The person delegated the responsibility by Nehru was N Gopalaswamy Ayyangar, who took offence at one instance when Sardar Patel expressed reservation over a decision on Kashmir. Here, Nehru sided with Ayyangar, leading Patel to tender his resignation. Somehow the issue was resolved with Mahatma Gandhi’s intervention, and Patel remained. But the sharp differences over handling Kashmir had left an indelible mark on the Nehru-Patel relationship.

It is often said by Nehru’s critics — and most definitely by those in the Right — that Nehru had grievously blundered in taking the Kashmir issue to the United Nations. The author reproduces material from a knowledgeable source who said that “Patel was strongly against the reference (to the UN) and preferred ‘timely action’ on the ground.” However, as Rajmohan Gandhi writes, “Kashmir was Jawaharlal’s baby by now and Vallabhbhai did not insist on his prescriptions when, at the end of December, Nehru announced that he had decided to go to the UN.” The author adds — which vindicates Prime Minister Modi’s recent remark — that “Patel’s misgivings were amply fulfilled after India invited the UN’s assistance… Guided by the British delegate, the Security Council seemed to imply that Pakistan’s case was stronger than India’s.”

And here is the most relevant observation by the author: “The question of vacating the aggression in Kashmir was turned into an ‘India-Pakistan dispute’. Indeed, that is how it gets referred to, even this very day: The India-Pakistan Dispute. Given Sardar Patel’s solid understanding of the ground situation and his repeated advice to Nehru before he was ticked off, it would not be erroneous to conclude that, had the Sardar been in charge of Kashmir, he would have launched a full-scale offensive to recover the part of Kashmir which the Pakistanis had seized, and would have snubbed the advice to approach the United Nations.

Interestingly, according to sources Rajmohan Gandhi quotes, Sardar Patel had earlier shrewdly fobbed off the Muslim League’s plot for a plebiscite in Kashmir. Addressing a large crowd in Junagadh four days after the ruler there had surrendered to Indian forces, the Sardar said: “Pakistan attempted to set off Kashmir against Junagadh. When we raised the question of settlement in a democratic way, they (Pakistan) at once told us that they would consider it if we applied that policy in Kashmir. Our reply was that we would agree to Kashmir if they agreed to Hyderabad.”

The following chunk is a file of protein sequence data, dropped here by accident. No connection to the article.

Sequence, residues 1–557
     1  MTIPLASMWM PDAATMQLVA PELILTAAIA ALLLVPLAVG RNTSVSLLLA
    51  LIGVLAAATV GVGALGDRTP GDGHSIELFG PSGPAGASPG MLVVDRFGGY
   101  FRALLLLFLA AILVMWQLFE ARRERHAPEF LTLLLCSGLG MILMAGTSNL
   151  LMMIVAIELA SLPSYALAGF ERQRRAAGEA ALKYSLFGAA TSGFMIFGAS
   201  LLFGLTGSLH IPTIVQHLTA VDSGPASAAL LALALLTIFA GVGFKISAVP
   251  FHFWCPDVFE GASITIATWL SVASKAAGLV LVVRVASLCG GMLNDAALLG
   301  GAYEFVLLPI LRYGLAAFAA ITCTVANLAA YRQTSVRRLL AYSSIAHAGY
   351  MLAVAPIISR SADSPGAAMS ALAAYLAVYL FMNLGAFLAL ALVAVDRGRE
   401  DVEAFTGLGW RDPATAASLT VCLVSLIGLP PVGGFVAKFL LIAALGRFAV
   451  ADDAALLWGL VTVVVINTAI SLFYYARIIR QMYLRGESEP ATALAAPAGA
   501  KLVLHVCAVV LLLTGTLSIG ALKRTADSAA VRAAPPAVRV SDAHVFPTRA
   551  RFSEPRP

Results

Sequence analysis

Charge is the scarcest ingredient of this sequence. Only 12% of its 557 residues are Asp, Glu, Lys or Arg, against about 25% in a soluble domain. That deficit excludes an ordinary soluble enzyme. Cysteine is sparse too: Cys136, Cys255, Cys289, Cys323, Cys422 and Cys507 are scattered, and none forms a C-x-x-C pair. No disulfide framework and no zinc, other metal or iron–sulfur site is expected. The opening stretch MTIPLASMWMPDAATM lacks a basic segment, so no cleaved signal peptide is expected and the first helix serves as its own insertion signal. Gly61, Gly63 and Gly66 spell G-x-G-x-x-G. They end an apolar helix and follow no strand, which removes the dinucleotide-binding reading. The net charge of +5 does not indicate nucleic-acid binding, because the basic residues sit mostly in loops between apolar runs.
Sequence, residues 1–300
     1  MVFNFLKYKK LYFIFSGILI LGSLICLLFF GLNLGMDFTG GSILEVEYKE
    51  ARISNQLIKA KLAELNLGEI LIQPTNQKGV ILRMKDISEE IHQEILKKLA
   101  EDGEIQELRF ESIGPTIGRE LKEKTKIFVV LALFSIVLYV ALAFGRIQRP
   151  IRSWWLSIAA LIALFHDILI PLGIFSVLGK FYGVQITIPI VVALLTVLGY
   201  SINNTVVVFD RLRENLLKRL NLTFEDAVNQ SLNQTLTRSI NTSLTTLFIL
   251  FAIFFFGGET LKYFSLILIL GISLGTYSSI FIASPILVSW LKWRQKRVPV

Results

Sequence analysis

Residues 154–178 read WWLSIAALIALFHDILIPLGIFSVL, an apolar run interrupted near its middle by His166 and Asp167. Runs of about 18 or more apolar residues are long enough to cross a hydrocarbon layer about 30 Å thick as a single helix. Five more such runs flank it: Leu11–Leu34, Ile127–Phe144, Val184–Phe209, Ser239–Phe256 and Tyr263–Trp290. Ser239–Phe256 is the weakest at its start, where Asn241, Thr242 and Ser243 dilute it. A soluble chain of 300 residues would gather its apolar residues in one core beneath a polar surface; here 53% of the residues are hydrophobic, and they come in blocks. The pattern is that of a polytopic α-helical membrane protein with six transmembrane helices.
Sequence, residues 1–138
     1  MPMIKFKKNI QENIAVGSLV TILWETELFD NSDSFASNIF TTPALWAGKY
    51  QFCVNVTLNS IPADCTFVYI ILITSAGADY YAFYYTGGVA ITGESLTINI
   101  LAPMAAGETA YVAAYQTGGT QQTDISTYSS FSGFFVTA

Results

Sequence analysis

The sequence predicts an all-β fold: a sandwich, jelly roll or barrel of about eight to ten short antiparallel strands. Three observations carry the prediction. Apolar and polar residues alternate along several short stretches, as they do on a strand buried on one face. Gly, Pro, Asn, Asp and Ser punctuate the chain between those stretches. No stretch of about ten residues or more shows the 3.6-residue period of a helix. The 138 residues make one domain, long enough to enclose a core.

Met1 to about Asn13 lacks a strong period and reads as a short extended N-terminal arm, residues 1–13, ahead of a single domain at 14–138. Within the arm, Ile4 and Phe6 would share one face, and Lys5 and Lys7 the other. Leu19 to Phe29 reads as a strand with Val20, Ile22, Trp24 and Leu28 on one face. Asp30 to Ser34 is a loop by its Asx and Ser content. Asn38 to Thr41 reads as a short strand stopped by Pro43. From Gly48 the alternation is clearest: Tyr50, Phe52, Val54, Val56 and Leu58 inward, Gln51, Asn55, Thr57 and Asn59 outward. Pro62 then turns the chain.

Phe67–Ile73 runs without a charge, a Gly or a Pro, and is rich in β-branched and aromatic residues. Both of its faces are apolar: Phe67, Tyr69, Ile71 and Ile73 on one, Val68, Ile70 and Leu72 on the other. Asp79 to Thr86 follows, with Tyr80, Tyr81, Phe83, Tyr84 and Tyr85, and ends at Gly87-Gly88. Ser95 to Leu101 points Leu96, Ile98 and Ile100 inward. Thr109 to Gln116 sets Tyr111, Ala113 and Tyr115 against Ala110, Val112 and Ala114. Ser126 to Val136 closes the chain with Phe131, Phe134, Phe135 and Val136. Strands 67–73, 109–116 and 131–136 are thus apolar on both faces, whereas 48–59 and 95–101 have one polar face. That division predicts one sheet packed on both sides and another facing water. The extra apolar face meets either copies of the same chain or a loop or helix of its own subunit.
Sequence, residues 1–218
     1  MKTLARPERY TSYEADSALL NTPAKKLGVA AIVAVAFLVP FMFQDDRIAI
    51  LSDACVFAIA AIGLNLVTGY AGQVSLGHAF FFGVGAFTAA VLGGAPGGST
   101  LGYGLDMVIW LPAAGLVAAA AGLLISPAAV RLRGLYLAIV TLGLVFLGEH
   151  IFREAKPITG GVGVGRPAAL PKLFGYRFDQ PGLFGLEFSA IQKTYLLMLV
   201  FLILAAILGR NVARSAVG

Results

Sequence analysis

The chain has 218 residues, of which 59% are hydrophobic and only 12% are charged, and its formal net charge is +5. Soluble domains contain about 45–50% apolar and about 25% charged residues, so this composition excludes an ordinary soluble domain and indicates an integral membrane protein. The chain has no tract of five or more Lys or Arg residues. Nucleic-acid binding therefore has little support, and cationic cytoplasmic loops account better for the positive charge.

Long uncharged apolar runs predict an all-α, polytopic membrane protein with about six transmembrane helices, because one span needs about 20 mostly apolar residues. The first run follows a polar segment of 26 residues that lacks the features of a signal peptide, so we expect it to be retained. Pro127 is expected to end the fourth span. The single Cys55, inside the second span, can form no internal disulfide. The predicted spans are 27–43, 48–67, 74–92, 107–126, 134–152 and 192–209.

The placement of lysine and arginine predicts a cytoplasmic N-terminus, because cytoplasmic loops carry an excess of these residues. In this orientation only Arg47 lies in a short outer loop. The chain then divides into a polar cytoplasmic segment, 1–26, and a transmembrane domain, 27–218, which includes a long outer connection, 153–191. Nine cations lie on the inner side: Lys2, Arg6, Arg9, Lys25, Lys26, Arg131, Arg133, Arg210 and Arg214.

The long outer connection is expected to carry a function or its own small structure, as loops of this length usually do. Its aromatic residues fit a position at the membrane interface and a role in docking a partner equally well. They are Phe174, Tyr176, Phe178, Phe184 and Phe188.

Rajmohan Gandhi speaks of “three apples” in the Sardar’s sack: Hyderabad, Kashmir and Junagadh. India’s Iron Man had a free hand on the first and the last, and the results are there to see. Kashmir was taken away from him, and we suffer the consequences of that to this day.

References:

[1] Patel: A Life by Rajmohan GandhiJan 1, 2011, Amazon.com

Rajesh Singh is a Delhi-based senior political commentator and public affairs analyst
Rajesh Singh
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5 COMMENTS

  1. WHY SUBHAS BOSE WAS MADE TO RESIGN BY mahatma? because he khew this young man can upset his plans WHICH WERE BRITISH MADE IN THE NAME OF CONGRESS!

  2. I know RAJMOHAN from days he fought against RAJIV GANDHI , joined AAM AADMI PARTY..
    माना PATEL was great & NEHRU was POLISHED CROOK , but , but , what is SOLUTION ?

    WE DO NOT WANT WAR ON ON OUR LAND & SOLDIERS TO DIE EVERY DAY.

    SNS/DR.ATMARAM GANDHIAN MANAGEMENT MANECKSHAW,
    PROFESSNOL PRACTICING PRACTICING ASTROLOGER
    LAW STUDENT
    SENIOR POLITICIAN
    9341268665.

    • SO? you surrender and give Kashmir to Pakistan? Better get united, vote to Nationalists, expose and punish the JAICHANDS and see every thing will be alright in no time.

  3. nehru admitted before mahatma made him the pm that he was culturally a muslim- in those days it would mean a pakistan first guy. hindus are just not politically smart people. and hence they still can’t control bharat even if they have an unqualified majority. they take the longest possible scenic route before they can get down to real business, and then more often than not it is just too late.